Using cluster initiatives to turn the creative city into the creative island

If the ‘creative city’ does provide the best environment for creative economy development, then for SIDS, which lack the urban density and associated close connections between actors normally required for that approach, it presents a significant problem. Another way forward needs to be found, and this may be taking the key outputs from the creative city and remodelling them into an actionable strategy for these regions - turning the ‘creative city' concept into the new ‘creative island'.

We saw from the case study of the Platform creative cluster in Chapter 4 that the principles of the creative city can be extracted and delivered through the model of a Dispersed Cluster (Rudge, 2016). The particular poly-centric nature of the city region that Platform works in presents many of the same geographical challenges as SIDS regions like the Eastern Caribbean or archipelagic nations like the Maldives. This cluster initiative can then act as an orchestrator for the creative ecosystem in small island states. Whilst ecosystems in large urban centres can function and thrive organically, for developing regions and smaller population areas, the ecosystem requires an active orchestrator. This orchestration is focused on identifying and engaging the key partners and stakeholders, ensuring the outreach of activity to all parts of the population, on driving the vision for the creative ecosystem and on making sure that policy, finance and skills development are all aligned (Rudge, 2010).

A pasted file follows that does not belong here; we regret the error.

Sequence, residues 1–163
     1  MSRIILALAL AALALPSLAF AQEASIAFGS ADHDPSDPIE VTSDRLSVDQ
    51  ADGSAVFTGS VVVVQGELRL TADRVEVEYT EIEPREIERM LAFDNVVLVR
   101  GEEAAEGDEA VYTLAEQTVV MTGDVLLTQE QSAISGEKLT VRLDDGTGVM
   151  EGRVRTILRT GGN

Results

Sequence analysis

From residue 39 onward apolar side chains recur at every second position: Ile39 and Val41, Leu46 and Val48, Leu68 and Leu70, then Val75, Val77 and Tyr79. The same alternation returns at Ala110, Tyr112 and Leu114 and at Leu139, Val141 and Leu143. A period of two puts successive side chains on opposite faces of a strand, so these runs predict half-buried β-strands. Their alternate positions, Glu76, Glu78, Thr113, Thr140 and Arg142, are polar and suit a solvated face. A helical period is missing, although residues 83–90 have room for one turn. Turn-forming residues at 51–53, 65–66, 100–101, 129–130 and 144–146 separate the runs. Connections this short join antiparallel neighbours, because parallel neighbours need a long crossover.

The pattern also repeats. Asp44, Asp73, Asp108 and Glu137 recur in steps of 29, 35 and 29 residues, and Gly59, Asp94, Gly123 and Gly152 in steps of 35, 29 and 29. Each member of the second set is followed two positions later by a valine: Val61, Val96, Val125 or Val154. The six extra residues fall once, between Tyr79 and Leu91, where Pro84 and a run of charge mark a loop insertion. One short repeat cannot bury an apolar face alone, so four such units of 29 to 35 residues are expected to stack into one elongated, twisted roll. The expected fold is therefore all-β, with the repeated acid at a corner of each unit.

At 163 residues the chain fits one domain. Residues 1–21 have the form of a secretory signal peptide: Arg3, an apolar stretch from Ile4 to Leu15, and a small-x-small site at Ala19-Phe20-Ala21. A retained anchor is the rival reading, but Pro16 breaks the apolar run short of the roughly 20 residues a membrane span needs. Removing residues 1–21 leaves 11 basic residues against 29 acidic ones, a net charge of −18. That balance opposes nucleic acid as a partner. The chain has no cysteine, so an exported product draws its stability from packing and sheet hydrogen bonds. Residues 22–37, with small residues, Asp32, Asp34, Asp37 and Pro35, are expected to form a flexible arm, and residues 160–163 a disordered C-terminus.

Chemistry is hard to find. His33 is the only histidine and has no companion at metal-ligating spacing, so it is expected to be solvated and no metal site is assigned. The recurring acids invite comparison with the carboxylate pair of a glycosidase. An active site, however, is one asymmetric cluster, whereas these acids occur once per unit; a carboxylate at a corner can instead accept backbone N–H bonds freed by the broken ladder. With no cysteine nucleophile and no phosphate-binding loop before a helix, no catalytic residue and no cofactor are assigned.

The Centre for Cities proposed the defining of a creative city as a creative cluster, seeing the activities and connections of the city as similar to those of the creative cluster. As a route to finding an ecosystem methodology then for SIDS, the experience of the Platform cluster suggests perhaps the reverse could also work, that seeing a managed creative cluster initiative as a form of creative city enables all the benefits of urban centres to be replicated through the activities of a Dispersed Cluster.